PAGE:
The National Center for Advancing Translational Sciences (NCATS) has defined translation as the process of turning observations into interventions that are adopted, sustained, and improve health. Translation must attend to research and community systems and context at multiple levels, and to key stakeholders. Dissemination and implementation (D&I) sciences are informed by an understanding of the critical role of people and systems in disseminating, adopting, and sustaining innovations within real-world settings. Thus, the D&I sciences provides a set of principles that can guide the translational work of Clinical and Translational Science Award (CTSA) programs from basic research to public health. In this special communication, our cross-domain working group of the CTSA consortium, comprised of experts in methods and processes, workforce development, evaluation, stakeholder engagement, and D&I sciences, share a vision of how CTSAs can enhance translation across the translational spectrum through the integration of D&I sciences into the critical areas of methods and processes, workforce development, and evaluation. We propose a set of recommendations for NCATS national and local leaders that are intended to move D&I sciences out of a position of unfamiliarity and ancillary value and into the core identity of who CTSAs are, how they think, and what they do, to advance translation and health.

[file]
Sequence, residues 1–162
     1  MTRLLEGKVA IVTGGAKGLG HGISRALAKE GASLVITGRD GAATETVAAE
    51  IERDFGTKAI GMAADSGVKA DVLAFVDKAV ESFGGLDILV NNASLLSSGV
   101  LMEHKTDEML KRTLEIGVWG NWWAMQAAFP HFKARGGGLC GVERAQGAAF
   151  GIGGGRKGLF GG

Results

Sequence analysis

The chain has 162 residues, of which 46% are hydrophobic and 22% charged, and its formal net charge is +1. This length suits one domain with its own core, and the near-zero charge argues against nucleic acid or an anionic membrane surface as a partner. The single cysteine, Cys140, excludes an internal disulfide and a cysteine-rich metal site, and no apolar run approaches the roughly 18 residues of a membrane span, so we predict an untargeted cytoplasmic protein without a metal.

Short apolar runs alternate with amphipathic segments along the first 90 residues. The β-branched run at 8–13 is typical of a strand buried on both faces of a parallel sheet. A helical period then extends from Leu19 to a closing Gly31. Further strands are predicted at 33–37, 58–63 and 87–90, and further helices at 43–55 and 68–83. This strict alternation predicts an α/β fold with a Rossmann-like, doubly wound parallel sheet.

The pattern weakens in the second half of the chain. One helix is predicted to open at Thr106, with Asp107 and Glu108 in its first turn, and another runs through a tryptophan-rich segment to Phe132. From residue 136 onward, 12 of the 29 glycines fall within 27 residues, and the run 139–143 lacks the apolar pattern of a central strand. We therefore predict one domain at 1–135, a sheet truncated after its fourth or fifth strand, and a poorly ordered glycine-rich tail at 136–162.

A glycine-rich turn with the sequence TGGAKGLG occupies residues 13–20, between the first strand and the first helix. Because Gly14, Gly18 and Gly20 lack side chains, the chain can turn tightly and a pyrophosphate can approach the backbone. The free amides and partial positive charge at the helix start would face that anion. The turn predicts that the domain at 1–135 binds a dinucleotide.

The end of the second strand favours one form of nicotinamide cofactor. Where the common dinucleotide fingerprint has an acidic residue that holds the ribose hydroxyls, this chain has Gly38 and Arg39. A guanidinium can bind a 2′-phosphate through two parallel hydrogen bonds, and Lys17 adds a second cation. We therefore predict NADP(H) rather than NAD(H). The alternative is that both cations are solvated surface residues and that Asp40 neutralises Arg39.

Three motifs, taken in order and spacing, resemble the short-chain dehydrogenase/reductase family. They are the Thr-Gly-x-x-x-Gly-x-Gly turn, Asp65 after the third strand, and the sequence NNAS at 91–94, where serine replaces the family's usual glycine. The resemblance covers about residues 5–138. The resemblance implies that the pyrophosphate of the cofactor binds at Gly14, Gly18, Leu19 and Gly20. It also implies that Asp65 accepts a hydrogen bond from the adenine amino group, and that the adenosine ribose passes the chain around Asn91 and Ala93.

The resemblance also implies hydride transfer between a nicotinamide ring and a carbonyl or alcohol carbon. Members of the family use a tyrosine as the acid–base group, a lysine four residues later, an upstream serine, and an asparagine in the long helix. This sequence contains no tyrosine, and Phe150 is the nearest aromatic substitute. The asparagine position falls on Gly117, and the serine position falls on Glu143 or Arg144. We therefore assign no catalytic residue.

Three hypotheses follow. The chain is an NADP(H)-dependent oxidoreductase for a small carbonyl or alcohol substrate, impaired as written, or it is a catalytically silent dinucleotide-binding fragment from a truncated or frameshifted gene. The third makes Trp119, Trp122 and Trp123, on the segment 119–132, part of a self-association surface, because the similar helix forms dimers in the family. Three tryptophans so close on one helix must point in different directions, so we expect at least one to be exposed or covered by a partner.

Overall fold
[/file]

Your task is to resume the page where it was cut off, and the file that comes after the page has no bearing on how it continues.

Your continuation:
Dissemination and implementation (D&I) science is not a formal element of the Clinical Translational Science Award (CTSA) Program, and D&I science activities across the CTSA Consortium are largely unknown.
The CTSA Dissemination, Implementation, and Knowledge Translation Working Group surveyed CTSA leaders to explore D&I science-related activities, barriers, and needed supports, then conducted univariate and qualitative analyses of the data.